Should I go to the Family Doctor or ER?

Emergencies can happen at any time, and when you or a family member get sick or hurt, it’s important to be prepared. Depending on the severity of the medical issue, pausing for a moment and thinking about not just the closest place to get care, but the most appropriate place to get it, can make a big difference.

So, how do you know when to use your primary care physician compared or an emergency room? First, let’s explain what the difference is between these options.

What is a primary care provider (PCP)? 
A PCP is a medical provider you select to be your general source for addressing your regular health care needs. Your PCP knows your history and can typically coordinate your in-depth health care services with specialists if or when you need one.  Your PCP is the first one you should contact when you need care. PCPs often leave time in their schedule for sick visits and may be able to see you the same day for minor illnesses or injuries.

Should you experience a situation in which you are questioning whether or not to go to the ER, the listing below can help you make an informed decision; however, please keep in mind that if you experience any symptoms you believe to be an emergency, seek medical attention immediately.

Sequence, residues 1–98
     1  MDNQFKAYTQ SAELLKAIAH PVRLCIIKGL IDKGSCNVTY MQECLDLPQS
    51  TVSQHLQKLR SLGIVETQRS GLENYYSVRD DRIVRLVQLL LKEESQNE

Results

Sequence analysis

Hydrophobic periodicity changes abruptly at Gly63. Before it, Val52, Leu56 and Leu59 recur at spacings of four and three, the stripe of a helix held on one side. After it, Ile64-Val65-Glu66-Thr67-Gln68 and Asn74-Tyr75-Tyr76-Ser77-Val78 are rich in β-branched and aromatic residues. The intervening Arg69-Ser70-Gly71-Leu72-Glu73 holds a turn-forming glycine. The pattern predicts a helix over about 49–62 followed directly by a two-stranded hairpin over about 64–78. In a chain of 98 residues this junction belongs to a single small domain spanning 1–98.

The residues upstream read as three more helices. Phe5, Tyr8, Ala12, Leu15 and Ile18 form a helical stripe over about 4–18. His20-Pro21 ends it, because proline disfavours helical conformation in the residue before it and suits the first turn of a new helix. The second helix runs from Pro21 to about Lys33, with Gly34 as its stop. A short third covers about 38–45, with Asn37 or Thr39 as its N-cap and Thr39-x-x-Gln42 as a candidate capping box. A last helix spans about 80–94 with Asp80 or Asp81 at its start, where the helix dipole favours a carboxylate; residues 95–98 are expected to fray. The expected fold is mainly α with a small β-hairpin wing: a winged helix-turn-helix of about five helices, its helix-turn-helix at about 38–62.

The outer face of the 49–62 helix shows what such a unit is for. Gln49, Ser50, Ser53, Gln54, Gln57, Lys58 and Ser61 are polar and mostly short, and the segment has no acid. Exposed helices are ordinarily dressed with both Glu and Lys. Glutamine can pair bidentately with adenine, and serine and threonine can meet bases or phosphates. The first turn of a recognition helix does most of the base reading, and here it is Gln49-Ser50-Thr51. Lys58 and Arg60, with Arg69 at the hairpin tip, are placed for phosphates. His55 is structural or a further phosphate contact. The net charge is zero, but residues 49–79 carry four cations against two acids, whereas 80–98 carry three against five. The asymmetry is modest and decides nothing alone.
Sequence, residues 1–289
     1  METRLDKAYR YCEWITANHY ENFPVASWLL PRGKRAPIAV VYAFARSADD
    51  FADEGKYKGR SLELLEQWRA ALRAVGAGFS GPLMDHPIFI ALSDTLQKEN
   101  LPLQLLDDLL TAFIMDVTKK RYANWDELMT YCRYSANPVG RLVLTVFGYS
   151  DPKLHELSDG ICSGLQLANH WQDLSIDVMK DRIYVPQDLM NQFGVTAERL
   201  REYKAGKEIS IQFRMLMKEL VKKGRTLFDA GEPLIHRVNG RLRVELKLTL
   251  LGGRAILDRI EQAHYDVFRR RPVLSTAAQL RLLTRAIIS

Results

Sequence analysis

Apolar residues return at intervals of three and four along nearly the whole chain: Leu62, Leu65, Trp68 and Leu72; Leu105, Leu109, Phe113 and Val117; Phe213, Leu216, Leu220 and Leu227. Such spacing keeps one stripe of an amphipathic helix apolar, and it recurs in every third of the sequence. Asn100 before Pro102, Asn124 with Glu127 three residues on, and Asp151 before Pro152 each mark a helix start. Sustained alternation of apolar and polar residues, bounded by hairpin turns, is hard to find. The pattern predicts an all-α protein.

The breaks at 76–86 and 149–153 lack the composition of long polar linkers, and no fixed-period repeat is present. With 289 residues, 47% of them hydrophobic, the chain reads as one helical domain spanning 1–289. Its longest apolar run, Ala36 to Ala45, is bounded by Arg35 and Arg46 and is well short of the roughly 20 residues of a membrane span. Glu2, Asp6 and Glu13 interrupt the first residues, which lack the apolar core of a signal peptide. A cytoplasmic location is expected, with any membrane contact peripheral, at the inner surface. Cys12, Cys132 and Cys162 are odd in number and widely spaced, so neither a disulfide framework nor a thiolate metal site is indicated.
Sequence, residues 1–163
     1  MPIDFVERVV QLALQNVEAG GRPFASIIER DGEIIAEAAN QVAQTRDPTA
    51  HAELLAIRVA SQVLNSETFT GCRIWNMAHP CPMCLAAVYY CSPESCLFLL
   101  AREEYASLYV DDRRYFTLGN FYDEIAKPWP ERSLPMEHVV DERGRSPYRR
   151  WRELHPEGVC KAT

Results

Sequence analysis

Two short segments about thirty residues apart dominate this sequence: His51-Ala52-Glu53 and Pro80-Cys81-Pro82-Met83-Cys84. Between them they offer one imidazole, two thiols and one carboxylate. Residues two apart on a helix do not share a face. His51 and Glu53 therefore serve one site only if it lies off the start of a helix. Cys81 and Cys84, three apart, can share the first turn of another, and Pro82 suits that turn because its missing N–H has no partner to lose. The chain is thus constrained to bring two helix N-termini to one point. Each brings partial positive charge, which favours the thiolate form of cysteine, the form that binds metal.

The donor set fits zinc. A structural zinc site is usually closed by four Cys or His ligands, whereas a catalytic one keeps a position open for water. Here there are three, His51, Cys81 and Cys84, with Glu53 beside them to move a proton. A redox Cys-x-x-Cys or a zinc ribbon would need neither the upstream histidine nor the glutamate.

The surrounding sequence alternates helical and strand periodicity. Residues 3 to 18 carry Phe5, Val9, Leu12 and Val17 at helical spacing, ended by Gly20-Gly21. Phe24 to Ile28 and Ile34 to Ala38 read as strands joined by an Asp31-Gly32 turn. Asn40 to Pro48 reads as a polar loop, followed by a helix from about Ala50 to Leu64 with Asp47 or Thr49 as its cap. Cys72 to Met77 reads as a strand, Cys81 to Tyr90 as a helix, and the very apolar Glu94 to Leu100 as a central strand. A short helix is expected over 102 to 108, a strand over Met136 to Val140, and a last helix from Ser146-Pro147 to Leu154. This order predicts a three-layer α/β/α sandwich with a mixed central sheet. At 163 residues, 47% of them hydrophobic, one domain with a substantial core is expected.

Urgent care is not emergency care – Know the difference. In case of an emergency, or if you are unsure if you can drive to the nearest emergency room, you should call 9-1-1.

A visit to the closest emergency facility is recommended
if you experience:
A visit to your primary care physician is recommended
if you experience*: 
• Chest pain
• Confusion
• Broken bone
• Fainting
• High fever
• Ingestion of obstructive object
• Major head injury
• Palpitations
• Pneumonia
• Seizures
• Severe abdominal pain
• Severe asthma attack
• Severe burns
• Severe headache
• Shock
• Shortness of breath
• Unconsciousness
• Uncontrollable bleeding
• Allergic reaction
• Asthma attack (minor)
• Bronchitis
• Colds, cough, flu, fever
• Dehydration
• Dizziness
• Ear infection
• Insect bite
• Migraine
• Minor burns
• Minor cuts/lacerations
• Minor head injury
• Nausea
• Pink eye
• Rash
• Sore throat
• Sprain or strain
• Urinary tract infection

*Some of the above symptoms can be more severe in pediatric cases, please contact your child’s PCP with any concerns.